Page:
BT3 FAQ - https://www.sawdustzone.org/forum/di...sked-questions

  • #2
    Nice! Great fun!
    Bill

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    • #3
      Click image for larger version  Name:	20200116_032308.jpg Views:	0 Size:	213.3 KB ID:	838343
      Here's the kids new cars, to be. A shark and a hedgehog.
      I did some of the roughing sanding for them, then let them do the fine finish sanding and the wheel tuneups.
      Don't say anything about that wheel.
      Last edited by LCHIEN; 01-16-2020, 05:33 AM.
      Loring in Katy, TX USA
      If your only tool is a hammer, you tend to treat all problems as if they were nails.
      BT3 FAQ - https://www.sawdustzone.org/forum/di...sked-questions

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      • #4
        I like the names of the latest two. Hedgehog and Shark.

        Do you shoot for a target of as close to the 5 oz as possible? If you are over weight by 1/4 oz, how do bring it down to below the max weight?
        Do they allow adding a washer or two for weight if the finished weight w/o washers is - say 4 or 4.5 oz?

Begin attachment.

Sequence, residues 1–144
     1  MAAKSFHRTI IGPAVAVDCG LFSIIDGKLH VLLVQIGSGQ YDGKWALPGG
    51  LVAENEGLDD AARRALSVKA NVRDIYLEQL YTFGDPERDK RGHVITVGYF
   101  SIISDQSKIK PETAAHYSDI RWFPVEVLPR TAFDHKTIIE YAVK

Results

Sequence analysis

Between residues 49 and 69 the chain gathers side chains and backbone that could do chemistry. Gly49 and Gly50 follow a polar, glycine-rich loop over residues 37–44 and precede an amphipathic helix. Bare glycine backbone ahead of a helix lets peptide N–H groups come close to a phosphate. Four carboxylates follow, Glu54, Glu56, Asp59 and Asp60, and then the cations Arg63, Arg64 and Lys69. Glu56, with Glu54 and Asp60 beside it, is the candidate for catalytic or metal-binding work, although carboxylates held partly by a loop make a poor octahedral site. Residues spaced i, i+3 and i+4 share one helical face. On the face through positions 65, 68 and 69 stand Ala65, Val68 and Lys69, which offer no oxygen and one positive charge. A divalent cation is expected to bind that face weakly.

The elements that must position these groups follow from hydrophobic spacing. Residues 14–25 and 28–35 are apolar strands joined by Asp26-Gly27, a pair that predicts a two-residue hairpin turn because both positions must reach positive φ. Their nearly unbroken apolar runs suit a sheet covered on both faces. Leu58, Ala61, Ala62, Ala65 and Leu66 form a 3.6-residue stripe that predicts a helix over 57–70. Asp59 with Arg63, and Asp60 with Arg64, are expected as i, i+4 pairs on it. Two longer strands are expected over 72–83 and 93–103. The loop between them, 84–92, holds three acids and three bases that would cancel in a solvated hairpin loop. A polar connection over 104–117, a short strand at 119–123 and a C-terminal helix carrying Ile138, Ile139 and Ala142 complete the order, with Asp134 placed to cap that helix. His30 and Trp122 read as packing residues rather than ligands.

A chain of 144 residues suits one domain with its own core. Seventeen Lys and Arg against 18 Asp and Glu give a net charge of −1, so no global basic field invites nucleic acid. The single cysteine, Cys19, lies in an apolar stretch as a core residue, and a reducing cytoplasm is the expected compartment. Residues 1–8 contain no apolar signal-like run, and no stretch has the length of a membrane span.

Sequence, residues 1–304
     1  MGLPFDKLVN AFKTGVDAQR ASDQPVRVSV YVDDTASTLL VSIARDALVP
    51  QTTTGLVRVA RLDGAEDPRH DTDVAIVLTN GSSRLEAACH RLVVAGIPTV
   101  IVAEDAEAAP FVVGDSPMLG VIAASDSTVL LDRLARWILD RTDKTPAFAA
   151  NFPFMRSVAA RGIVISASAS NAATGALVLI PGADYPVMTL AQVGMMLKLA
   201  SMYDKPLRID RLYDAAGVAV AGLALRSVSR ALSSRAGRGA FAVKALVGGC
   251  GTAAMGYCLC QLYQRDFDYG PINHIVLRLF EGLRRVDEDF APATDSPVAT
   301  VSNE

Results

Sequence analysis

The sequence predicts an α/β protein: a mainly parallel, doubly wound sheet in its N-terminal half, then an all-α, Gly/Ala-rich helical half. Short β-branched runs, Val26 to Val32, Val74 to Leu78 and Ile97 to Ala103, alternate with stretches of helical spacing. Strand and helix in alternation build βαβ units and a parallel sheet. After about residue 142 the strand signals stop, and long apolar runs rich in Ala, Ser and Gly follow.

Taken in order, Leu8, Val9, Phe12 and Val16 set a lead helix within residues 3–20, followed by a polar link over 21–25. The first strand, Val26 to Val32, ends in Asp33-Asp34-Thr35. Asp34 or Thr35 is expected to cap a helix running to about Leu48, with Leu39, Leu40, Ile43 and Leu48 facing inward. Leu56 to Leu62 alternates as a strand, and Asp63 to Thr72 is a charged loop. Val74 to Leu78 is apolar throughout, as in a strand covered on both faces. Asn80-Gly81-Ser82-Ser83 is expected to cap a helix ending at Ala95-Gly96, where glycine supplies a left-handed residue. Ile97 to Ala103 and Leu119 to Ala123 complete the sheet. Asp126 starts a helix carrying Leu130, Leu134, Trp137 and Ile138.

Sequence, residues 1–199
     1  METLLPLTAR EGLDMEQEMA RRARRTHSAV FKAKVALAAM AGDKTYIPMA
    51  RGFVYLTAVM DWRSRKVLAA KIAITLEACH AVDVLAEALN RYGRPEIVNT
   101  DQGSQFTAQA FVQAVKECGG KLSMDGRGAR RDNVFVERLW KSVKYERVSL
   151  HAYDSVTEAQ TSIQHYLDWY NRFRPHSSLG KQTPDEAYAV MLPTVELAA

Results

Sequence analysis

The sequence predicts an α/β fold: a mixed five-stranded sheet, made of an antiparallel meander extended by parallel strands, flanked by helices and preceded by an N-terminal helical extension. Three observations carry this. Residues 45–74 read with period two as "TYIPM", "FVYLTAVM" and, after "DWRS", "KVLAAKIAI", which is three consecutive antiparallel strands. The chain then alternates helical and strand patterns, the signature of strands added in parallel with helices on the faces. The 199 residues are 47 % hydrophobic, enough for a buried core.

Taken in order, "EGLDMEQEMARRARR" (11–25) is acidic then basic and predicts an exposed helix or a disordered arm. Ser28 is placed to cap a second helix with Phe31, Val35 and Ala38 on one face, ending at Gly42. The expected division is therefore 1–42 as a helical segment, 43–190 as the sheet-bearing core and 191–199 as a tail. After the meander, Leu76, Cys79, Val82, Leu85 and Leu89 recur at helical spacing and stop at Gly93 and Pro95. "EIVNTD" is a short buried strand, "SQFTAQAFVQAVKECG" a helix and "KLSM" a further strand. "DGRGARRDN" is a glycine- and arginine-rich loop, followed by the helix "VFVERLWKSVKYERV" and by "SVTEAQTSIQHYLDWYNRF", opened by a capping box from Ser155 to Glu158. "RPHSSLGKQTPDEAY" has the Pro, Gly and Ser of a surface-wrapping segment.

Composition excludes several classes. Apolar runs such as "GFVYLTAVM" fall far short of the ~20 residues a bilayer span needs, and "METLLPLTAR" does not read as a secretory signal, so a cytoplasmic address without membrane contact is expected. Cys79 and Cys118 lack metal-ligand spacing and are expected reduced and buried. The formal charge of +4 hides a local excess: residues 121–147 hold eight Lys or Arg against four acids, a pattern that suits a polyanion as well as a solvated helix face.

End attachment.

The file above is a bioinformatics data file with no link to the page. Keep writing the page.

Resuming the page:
Maybe I am overthinking this.

        Hank Lee

        Experience is what you get when you don't get what you wanted!

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        • #5
          You almost always have to add weight. Since the heaviest car is the most advantage, you want to be at the full 5 Oz. The full uncut block probably weighs just under 5 Oz. The thing is that no matter how good your scale is, they go by whatever they declare the "official" scale to be at the time of weighin.

          So I make the car a bit overweight with the last few weights to be a row of countersunk wood screws in the bottom. I take out as many as I need to until the weight is below 5 Ounces. I weigh the screws beforehand so I pretty much know exactly how many to take out to be right on if I am over the official scale weight by some amount.

          The two bodies + wheels weighed 3.098 and 3.97 ounces - I told my SIL to get a couple of flat round fishing disc lead weights for the coarse adjustment - I drill a hole in the center and them drill a Forstner cavity in the bottom of the car to fit the weight in.

          If nothing else you can always drill holes in the bottom removing wood where no one will (not) see it.
          Last edited by LCHIEN; 01-16-2020, 05:44 PM.
          Loring in Katy, TX USA
          If your only tool is a hammer, you tend to treat all problems as if they were nails.